My heart goes out to everyone during this uncertain time. I am sending loving-kindness and wishes for wellbeing to all who are suffering.
It’s normal to not feel normal during this crisis. We’re all having a bit of difficult time paying attention, concentrating, adjusting to new schedules and new levels of fear, anxiety, and grief. We are all unaccustomed to the whole world suffering so deeply all at once.
I ask myself daily how do we face this crisis mindfully, skillfully and with emotional resilience? First, by being mindful about maintaining physical hygiene, following the advice of health officials, and maintaining physical distancing. And secondly, by growing our own inner resources through practicing resiliency skills. When we practice mindfulness meditation, we cultivate the capacity be present with whatever arises. Through mindfulness practice, we find refuge in moments of uncertainty.
The more we engage with meditation and resiliency skills practices that connect us with our inner resources, the more our inner resources grow.
Following are some of the ways that I have been using mindfulness to cultivate emotional resilience during these difficult times:
1. Keep breathing. Take a lot of deep breaths. The chest and belly tighten in response to fear. We can release this tension and promote peace by practicing 3-Part Breath. Breathe into the belly, expand the belly, expand the breath into the lower and middle section of the lungs, and then expand the breath into the upper section of the lungs all the way up to the collarbones. Exhale slowly, and repeat for 5 – 10 breaths. Try it when you wake up, and then practice it throughout the day. Set an alarm on your phone every hour to remind you to breathe. If you have trouble sleeping, try to see nighttime as a time to try to rest and restore your energy, even if you are unable to sleep. Try practicing 3-Part Breath to help you relax your body during periods of nighttime wakefulness.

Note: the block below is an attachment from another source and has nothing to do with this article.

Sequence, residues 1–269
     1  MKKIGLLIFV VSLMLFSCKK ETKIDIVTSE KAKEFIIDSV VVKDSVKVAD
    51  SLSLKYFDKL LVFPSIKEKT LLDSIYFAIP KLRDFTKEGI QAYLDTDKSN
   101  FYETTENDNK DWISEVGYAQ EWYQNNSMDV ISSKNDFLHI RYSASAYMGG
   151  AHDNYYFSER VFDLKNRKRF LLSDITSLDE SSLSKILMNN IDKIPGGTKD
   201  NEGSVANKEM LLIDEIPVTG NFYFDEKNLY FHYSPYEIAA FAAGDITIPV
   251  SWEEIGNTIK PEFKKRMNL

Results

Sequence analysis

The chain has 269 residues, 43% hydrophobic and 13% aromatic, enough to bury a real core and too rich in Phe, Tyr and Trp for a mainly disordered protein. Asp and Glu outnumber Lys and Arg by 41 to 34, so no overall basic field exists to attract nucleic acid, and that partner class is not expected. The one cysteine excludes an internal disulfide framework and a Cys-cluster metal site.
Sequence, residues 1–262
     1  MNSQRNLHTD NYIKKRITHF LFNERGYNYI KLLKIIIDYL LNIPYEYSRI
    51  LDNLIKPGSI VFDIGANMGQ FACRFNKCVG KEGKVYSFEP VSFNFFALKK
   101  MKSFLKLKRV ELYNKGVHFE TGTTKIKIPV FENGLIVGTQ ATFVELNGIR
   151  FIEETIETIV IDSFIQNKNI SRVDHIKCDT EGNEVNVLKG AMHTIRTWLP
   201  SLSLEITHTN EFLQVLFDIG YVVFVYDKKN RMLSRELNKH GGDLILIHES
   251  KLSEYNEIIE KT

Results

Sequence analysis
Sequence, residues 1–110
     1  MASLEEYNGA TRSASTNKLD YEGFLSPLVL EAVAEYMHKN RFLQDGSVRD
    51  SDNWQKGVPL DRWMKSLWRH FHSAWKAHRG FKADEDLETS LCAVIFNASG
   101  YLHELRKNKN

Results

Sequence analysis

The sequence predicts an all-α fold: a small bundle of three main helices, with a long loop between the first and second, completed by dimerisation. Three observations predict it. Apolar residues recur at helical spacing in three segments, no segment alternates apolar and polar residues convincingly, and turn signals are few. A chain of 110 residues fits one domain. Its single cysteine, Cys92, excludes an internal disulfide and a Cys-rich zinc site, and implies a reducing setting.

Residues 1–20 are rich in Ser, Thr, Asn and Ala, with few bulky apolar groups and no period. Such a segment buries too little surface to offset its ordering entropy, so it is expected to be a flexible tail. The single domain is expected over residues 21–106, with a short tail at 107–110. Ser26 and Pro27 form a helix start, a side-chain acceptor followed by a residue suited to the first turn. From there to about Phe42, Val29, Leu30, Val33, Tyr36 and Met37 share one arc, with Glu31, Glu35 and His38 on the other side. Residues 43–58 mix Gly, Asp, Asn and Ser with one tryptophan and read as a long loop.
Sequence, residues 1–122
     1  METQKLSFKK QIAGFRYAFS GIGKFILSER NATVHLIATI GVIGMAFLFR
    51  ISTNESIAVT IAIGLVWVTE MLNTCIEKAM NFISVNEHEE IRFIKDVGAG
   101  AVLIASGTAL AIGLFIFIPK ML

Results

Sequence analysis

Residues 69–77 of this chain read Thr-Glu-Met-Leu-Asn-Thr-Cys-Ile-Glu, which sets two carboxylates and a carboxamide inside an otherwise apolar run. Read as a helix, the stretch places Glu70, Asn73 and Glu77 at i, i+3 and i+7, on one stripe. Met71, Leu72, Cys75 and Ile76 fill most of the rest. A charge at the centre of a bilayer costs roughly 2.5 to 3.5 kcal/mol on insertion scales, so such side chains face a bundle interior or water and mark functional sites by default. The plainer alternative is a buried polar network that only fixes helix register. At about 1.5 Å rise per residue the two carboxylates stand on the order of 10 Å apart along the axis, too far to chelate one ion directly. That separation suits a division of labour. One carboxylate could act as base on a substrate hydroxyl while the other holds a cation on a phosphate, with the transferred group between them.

2. Practice mindful self-care by drinking plenty of clean water, eating healthy food, moving your body, and skillfully managing difficult thoughts and feelings.
3. Try to relate skillfully with fear by practicing mindfulness of feelings. When you notice fear and anxiety arising, pause for a few moments, and take a deep breath. Rather than becoming entangled in and overwhelmed by the fear, try taking a step back and objectively observing it. Inquire silently, “What am I feeling?” Name the feeling silently to yourself. Naming the feeling activates areas of the brain that can help you to gain perspective and begin to calm down. Inquire, “Where do I feel it in the body?” Name the area of the body in which the fear is arising – throat, chest, stomach. Inquire, “What is the quality of the sensations?” Silently name the quality of the sensations – tightness, constriction, heat, burning, etc. Rest your attention on the present moment expression of feelings as they arise through sensations. When the mind wanders to thoughts, bring the attention back to the sensations. Imagine the feeling and sensation as a wave that is rising, swelling, cresting, and falling.